In my experience, when a manager turns the interview into a hands-on working meeting, good candidates relax because now they’re talking shop — something they know about, are comfortable with and are confident about. The Q&A nature of interviews can be stressful. You don’t see the real person. Working together is a disarming experience. I think an observant manager will see most of what they need to know in such an interaction.
If there’s a good comfort level in that admittedly limited interaction, and skills and compatibility look good, I think profitable work is very likely — if the manager is also good at mentoring, guiding and developing the new hire.
I find that with managers that overall job satisfaction is low. (This applies to engineering mainly – I’ll comment in a moment on work in the world of being a music director and organist in a church – my other career area.)
Most engineering managers consider themselves overworked, and they miss the actual technical work. Their days are filled with meetings. Hiring is one of these things they don’t do too often, and when that is scheduled, they just need to hurry up and get through it.
My current manager, in spite of his own low job satisfaction, does make it pleasant to work for our company. I told him that. Also, I had first been interviewed by him nearly 2 years ago. Yes, he liked me, but he said from day one that I was one of these people who could obviously do the work. Right now, we are doing some critical testing of high reliability equipment, and it requires us engineers to do the hands on work.
A few months ago I had my second and final interview with my current company. My manager’s manager asked a technical question that I had a hard time answering. Bad interview! A week later the headhunter said that I came across as very nervous and that they really weren’t interested. She was offering to work on interview skills with me.
One Friday early in the morning I got a call that I was being offered the job. Before I accepted, I insisted on talking to the manager. The following Monday, we had a frank discussion. He told me straight out what the concerns had been and about discussions that ensued.
I may not known a certain answer, but my manager felt I could do the work. He said that I am doing well.
Most engineers don’t want to be managers. So how can we make for more job satisfaction with managers?
Let’s talk religion. I am a veteran church organist and music director (while my undergraduate degree is in engineering, my graduate degree is in organ performance and church music). By definition, this is a management position. Where I was working as a full time director and organist, I had 2 or 3 staff members and managed several volunteers. In addition, I was responsible for music for weddings and funerals. As you can imagine, there would be moments of tense discussion. At the time I worked in a denomination that is very hierarchical and patriarchal. Likewise, I sometimes had to make decisions that I knew would disappoint people. In addition, I once had to ask someone to leave the choir (that decision was a real heartbreaker).
So what worked? First, I was in a position which was de facto management. I prepared for it. Second, I had people I could lean on when I had a tough situation. Third, I had a mentor outside of my job.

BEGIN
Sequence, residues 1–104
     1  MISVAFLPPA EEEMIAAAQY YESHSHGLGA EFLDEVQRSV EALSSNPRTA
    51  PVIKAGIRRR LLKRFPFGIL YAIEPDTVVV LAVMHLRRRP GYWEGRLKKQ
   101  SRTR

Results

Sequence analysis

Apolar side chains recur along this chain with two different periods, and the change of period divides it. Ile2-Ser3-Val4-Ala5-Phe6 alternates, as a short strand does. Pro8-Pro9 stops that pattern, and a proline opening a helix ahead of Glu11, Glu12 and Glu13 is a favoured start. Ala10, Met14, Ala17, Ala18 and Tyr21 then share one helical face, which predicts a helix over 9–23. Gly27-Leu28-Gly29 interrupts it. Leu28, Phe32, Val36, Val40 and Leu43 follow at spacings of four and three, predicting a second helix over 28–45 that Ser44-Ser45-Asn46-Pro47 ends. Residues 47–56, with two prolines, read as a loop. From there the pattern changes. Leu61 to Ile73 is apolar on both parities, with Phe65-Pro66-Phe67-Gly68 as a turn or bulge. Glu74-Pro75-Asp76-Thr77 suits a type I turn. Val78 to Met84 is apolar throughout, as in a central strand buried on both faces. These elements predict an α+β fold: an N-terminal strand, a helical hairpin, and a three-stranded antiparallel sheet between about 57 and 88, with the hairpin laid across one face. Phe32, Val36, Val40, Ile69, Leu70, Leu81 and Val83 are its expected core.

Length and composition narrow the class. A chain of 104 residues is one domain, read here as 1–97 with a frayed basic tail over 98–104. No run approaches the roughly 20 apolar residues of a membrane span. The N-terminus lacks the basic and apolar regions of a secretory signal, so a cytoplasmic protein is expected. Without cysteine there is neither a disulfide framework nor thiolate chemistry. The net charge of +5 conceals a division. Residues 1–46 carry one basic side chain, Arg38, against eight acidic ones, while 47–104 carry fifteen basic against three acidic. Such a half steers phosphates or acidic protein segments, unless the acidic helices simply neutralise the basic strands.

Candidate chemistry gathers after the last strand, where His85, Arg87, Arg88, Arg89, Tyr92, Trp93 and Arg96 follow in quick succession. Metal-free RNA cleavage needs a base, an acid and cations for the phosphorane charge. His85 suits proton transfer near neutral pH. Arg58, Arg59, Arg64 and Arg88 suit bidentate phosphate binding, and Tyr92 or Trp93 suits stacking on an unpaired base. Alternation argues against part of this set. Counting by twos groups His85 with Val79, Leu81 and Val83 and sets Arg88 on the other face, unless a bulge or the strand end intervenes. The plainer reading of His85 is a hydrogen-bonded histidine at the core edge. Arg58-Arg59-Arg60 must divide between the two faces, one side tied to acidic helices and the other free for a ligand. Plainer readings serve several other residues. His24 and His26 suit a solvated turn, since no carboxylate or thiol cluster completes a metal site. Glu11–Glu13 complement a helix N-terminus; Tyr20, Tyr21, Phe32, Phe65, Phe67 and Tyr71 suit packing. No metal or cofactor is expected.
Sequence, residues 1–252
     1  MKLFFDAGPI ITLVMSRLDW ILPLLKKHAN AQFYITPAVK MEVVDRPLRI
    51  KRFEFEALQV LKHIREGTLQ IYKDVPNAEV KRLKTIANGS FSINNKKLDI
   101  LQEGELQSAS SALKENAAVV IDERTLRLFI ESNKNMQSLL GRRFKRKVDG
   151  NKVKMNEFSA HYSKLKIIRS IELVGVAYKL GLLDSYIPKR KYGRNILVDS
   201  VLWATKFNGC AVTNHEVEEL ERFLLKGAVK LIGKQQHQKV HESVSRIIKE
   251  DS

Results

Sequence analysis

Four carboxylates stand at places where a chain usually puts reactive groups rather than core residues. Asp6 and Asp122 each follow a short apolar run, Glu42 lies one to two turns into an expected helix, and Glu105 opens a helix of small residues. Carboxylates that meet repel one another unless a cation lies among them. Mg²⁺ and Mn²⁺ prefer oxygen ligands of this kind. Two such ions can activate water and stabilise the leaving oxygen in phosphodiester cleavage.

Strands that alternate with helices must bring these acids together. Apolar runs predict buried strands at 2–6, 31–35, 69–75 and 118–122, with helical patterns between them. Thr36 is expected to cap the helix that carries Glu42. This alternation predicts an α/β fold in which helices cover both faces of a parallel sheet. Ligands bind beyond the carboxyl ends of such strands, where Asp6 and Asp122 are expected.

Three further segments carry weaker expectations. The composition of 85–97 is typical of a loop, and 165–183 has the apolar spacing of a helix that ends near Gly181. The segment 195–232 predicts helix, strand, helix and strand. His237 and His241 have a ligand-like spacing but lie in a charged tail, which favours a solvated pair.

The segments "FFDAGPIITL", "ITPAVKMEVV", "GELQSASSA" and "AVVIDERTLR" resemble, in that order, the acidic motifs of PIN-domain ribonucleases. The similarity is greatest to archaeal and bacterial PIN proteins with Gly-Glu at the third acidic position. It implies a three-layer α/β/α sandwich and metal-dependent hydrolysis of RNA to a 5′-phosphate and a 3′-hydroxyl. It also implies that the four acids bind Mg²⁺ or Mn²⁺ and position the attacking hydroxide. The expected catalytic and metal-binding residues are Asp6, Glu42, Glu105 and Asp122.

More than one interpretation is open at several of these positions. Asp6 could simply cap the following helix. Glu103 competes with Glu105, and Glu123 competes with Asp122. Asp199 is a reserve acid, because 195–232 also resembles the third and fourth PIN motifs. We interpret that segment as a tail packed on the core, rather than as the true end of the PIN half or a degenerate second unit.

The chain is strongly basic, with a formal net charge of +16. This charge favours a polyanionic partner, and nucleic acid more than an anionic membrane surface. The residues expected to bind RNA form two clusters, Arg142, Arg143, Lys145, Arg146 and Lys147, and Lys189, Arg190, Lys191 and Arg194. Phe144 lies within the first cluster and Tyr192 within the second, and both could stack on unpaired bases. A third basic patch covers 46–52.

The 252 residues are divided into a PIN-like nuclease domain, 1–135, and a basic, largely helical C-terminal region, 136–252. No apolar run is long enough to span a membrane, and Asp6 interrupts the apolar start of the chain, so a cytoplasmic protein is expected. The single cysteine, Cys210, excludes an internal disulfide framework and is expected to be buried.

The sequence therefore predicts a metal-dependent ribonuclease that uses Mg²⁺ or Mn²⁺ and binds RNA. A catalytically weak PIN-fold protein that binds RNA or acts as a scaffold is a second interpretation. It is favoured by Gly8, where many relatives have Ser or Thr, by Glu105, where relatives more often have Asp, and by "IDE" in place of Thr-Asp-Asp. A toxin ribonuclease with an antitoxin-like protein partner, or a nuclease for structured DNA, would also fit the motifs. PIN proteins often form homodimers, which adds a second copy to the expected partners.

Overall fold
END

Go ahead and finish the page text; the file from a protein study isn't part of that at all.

Clergy persons (my boss would always be a clergy person) are under enormous stress these days as well. It’s so bad that with one denomination the church liability insurance company stepped in and said clergy were required to keep their total hours under a certain number per week (I think it was 55 hours.). Misconduct tends to occur when one works extensive overtime.
In religious work, the hours are long and the pay is low. You are held to a high standard. Another stress with clergy persons: What happens if you no longer believe the tenets of your faith?
A Unitarian Universalist minister who had attended a Christian seminary said that many of her classmates lost their faith while in school but were continuing on anyway because they had gone too far and didn’t have any other skills (the Unitarian Universalist Association is a liberal religious organization that does not require you to believe a certain way – you do need to subscribe to a set of principles such as respecting the inherent worth and dignity of every person – definitely a virtue I agree with). So there is further stress. At least the UU minister will not be required to prove a certain belief! (In UU congregations, one minister may be Buddhist, another a Christian, and another an atheist – and they work together.)
I think in both of my fields that managers do not know how to delegate responsibilities. As an employee I try to think of how to make my manager’s job easier.
The problem is we don’t teach management skills. By the way, every employee should be concerned about profitability.
@Kevin: “The problem is we don’t teach management skills.”
It’s a rare company that does. And hiring is a management skill.
I don’t think I’d have the views I do today if I had not started my headhunting career working with EEs (electronics engineers). Many times I saw EEs promoted to management jobs they did not want, because it was the only way up the salary ladder. The best companies I dealt with had divergent tracks. Engineers who preferred to remain individual contributors and wanted nothing to do with being managers could advance and earn more up the engineering branch. Those who wanted to be managers could give it a try and move along another path. Many were the ones that chose management only to go back down and move back up the technical side. At least these companies made the distinction.